Persistence is a Phase that’s included in all the popular Security Frameworks such as Cyber/Unified kill chain or MITRE ATT&CK. This phase is usually done after Exploitation (commonly) but it depends on needs & Roles of Engagements (ROE) & your approach framework Processes.
What is Persistence or Backdoors
Persistence is a technique used to maintain a connection with target systems even if the machine is rebooted, shut down, or whatever, we would still be able to have access to it.
Backdoor attack definition is using any malware/virus/technology to gain unauthorized access to the application/system/network while bypassing all the implemented security measures.
Why is it important?
It’s rare when performing a real-world penetration/red teaming test and after gaining an initial foothold to the system no disrupt or problem occurs such as the target computer gets shutdown or our exploit breaks down or our shell gets terminated for any reason so it’s suggested to install a backdoor immediately after gaining initial foothold/access to the target system to avoid these issues.
First, I’ll teach you some theory about Persistence/Backdoor technique & then do hands-on work on a machine. These techniques are helpful for both Red & Blue Teams.
Also, I refer to a lot from Tryhackme: Linux Backdoors
1. Persistence: SSH
SSH, also known as Secure Shell or Secure Socket Shell, is a network protocol that gives users, particularly system administrators, a secure way to access a computer over an unsecured network.
The SSH backdoor essentially consists of leaving our ssh key (public key) in the user’s home ssh directory.
Pre-Condition: SSH must be running at the user’s end & no root privilege is required
Post-Condition: We can access the target system anytime.
The SSH backdoor methodology is simple;
Generate new pair of keys (using ssh-keygen)
Drop your generated public key into target .ssh dir (if not then create this dir)
Rename your dropped public key file into authorized_keys.
Stealthy Level: This backdoor isn’t hidden at all. Anybody with the right permissions would be able to remove our ssh public key or the file authorized_keys entirely.
More Info: Every user has their .ssh dir in their home. This dir stored SSH keys of your (public & private) & other users (public keys).
Generate a pair of keys using the ssh-keygen command in SSH in your machine.
Placed your public key into target’s .ssh directory & rename it to authorized_keys.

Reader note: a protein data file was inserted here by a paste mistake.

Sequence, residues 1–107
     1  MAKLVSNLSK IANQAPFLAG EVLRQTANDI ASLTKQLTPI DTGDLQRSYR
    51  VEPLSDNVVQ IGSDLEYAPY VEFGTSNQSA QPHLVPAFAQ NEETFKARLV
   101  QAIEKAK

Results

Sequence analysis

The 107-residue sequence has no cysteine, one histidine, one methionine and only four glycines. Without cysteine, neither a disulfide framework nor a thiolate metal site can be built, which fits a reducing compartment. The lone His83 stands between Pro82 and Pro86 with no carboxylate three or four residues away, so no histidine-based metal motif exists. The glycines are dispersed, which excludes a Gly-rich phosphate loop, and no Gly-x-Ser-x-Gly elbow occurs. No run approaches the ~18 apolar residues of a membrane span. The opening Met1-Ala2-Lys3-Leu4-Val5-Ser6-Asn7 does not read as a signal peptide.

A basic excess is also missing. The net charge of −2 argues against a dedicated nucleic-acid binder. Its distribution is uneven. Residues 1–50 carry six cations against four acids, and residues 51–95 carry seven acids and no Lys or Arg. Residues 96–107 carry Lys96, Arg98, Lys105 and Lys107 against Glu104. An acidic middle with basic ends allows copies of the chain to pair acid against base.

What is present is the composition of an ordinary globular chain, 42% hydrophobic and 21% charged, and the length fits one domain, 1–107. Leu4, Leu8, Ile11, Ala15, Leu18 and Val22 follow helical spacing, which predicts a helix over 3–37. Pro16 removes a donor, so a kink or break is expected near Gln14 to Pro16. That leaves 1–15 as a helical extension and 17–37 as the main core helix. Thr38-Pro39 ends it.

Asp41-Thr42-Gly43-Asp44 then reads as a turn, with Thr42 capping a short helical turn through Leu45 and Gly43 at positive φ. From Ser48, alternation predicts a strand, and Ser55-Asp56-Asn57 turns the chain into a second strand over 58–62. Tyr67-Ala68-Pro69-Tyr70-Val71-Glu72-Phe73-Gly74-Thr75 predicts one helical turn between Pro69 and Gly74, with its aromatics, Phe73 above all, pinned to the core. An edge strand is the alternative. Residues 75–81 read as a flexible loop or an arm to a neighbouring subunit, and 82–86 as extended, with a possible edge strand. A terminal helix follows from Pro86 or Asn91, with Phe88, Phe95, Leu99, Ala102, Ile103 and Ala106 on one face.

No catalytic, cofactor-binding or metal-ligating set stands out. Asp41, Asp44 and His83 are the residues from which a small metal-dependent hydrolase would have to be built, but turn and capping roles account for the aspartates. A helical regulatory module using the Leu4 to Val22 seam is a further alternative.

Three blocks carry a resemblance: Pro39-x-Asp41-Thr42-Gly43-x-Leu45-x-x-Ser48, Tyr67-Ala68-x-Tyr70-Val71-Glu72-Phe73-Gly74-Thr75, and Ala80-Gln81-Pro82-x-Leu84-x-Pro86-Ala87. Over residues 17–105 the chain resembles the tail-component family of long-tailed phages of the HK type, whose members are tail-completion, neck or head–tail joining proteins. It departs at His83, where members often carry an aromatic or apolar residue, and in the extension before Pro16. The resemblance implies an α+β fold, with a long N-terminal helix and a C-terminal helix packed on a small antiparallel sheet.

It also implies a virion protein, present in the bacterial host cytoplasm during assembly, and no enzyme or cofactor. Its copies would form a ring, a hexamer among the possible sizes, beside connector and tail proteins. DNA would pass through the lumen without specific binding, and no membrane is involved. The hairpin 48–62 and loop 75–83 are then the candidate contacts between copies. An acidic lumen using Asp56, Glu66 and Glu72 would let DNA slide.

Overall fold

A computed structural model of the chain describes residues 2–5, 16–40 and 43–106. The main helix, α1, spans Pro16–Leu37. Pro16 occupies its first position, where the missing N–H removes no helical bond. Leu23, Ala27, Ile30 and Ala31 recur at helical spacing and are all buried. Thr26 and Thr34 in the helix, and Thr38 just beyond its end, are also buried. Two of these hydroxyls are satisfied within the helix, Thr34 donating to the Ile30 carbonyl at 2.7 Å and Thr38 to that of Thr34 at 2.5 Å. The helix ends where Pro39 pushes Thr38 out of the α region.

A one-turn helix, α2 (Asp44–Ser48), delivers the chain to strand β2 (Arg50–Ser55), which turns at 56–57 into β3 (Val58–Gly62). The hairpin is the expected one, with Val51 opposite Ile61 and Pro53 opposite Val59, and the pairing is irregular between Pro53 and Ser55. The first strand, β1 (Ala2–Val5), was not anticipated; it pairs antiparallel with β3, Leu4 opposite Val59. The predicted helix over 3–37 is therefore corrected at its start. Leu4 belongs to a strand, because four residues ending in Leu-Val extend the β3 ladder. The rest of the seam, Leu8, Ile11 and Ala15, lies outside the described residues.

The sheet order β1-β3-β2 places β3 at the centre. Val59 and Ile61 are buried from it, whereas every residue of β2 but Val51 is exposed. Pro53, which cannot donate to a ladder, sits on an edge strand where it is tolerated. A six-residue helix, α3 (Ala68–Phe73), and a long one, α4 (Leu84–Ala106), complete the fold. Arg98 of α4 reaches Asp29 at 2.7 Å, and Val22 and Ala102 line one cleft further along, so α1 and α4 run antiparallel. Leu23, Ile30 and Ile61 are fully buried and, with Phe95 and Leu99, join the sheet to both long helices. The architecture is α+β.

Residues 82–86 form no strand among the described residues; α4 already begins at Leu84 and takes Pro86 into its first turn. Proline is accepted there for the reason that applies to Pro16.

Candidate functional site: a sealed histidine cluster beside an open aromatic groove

SSH into the target machine using a recently generated private key (private key permission must be 600 or 700 otherwise key doesn’t work.)
2. Persistence: CronJob
The cronjob backdoor essentially consists of creating a malicious script & a cronjob of that script.
Pre-Condition: Cron must be running at the user’s end & no root privilege is required.
Post-Condition: We can access the target system at any time or our specific set time.
The CRONJOB backdoor methodology is simple;
Create or download a script (reverse shell or bind shell).
Drop your script into /etc/crontab or any other location where we can place cronjob & set the timing/conditions of the job.
Catch the incoming reverse shell of the cronjob.
Stealthy Level: This backdoor isn’t hidden at all. Anybody with the right permissions would be able to remove/detect our cronjob script
More Info: To make your Cronjob backdoor more hidden from the blue side then check this article.
Create a script with a simple bash reverse shell & give it execute permission on a target system.
Edit the /etc/crontab file, add your script & set the trigger conditions.
Every Minute this job executes
On the attacker’s side after One minute.
3. Persistence: Bashrc/zshrc
The .bashrc file is a script file that’s executed when a user logs in. The file itself contains a series of configurations for the terminal session. This includes setting up or enabling: coloring, completion, shell history, command aliases, and more.
The cronjob backdoor essentially consists of creating a malicious bash script & putting it inside a .bashrc file.
Pre-Condition: The user must have bash/zsh/csh or any other shell as their login/default shell & no root privilege is required.
Post-Condition: Can’t access anytime only when target login into its account (not during login only at the initial point of login)
The BASHRC backdoor methodology is simple;
Create or download a script (reverse shell).
Drop your script into the .bashrc file in the user’s home dir.
Catch the incoming reverse shell every time the user login.
Stealthy Level: This attack is very sneaky as nobody thinks about ever checking their “.bashrc” file.
More info: the listener must be always listening to the attacker side as you can’t exactly know when will the user’s login to their system, so you might wait a long period.
Created a simple bash reverse shell on the target’s .bashrc file.
When the target user login into his system the .bashrc file runs just like every time but this time it’ll connect with our system without alerting the target machine.